Therefore it makes total sense that a weekend where he and I finally managed to be in the same city for more than twelve hours, ostensibly to convene on how to deal with the angst and frustration of our aging parents and to do a little bonding, team-building, mutual support and strategizing, still had to be the best weekend of this kind ever.
The fact that he brought his youngest kid along, a six-and-a-half-year-old with a spectacular readiness for fun and an inexhaustible wealth of questions (and a great eagerness to discuss poop, and if that was played out, then vomit) truly did make it the best weekend ever (at least until next time we all manage to get together).
As a parent of teens, it was a bit like introduction to grand-parenting—time to go to the Santa Monica Pier, have lots of hamburgers, hot dogs, milk shakes, play with lego, tech-decks that my kids no longer care about and hold hands a lot while walking. Although my older kid was too mature to be bothered (at least most of the weekend), my younger one was right in there at the car museum and the tar pits, and one of the take-aways for me was that whatever the pretext, if you just madly dash around in search for what a six-year-old-would find fun you will find fun for yourself… especially if you see with six-year-old-eyes.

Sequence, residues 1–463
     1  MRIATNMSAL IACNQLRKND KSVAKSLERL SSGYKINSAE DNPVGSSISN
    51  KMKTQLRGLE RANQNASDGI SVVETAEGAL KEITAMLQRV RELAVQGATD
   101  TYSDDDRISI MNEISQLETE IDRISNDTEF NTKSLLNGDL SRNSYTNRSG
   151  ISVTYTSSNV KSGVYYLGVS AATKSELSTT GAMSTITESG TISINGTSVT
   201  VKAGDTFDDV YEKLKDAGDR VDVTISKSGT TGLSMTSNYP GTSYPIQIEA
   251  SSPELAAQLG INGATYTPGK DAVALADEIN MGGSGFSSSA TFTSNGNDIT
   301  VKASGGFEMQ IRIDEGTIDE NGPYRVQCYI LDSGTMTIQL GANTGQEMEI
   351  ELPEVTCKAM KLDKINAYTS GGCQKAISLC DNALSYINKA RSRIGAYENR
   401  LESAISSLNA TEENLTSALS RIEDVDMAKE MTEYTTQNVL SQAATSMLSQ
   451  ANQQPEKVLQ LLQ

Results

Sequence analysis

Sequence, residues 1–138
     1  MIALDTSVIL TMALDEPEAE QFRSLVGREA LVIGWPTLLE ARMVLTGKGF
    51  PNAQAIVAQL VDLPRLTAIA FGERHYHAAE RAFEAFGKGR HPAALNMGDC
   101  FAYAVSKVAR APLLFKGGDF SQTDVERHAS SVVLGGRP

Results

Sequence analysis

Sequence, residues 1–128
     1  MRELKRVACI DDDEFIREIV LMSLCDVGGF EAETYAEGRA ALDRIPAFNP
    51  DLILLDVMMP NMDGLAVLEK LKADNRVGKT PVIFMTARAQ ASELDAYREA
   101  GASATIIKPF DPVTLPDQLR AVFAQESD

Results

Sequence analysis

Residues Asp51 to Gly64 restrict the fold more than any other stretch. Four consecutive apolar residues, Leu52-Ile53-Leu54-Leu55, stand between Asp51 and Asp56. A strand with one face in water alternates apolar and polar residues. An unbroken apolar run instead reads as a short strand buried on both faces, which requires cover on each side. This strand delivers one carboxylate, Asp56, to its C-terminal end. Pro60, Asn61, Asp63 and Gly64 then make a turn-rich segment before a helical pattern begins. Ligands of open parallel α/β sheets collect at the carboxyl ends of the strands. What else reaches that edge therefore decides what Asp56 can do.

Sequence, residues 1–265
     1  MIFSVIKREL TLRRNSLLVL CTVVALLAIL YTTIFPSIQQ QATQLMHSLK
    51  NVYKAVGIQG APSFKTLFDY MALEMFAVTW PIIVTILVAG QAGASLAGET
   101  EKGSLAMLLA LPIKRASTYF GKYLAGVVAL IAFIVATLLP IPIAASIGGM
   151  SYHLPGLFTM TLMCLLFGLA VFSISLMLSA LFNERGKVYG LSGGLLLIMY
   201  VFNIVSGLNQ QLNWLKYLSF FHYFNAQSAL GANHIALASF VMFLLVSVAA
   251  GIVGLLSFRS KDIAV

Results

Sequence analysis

Still there were moments of my brother and I cooking together, playing team chess and losing to my son and his good friend, telling lots of stories and laughing a lot.
While neither myself nor my brother are particularly religious (Hebrew School was like a forced march for us), my little nephew, when asked about it at diner, said “Yes, I go to Hebrew School.” When my brother pointed out that this wasn’t actually true, my nephew said, “I go in my mind.” He also said he was changing his name to Tokyo and decided to name the stuffed animal Mammoth from the museum, “What’s my name?”
Sure incessant questions can be just a way to keep us grown-ups talking to kids, to keep us paying attention and keep us engaged—and I love those question, especially when they’re all packed into the greatest weekend ever. Six-year-olds know what they’re doing and we can learn a lot from them. Yes we have to set limits or make them anxious, but they are Buddhas of the moment, of ten-more-minutes and of joie de vivre.
So, let’s dedicate today to the wisdom of six-year-olds—to questions, and to making today, and every day, the greatest day ever—in the service of all our collective children.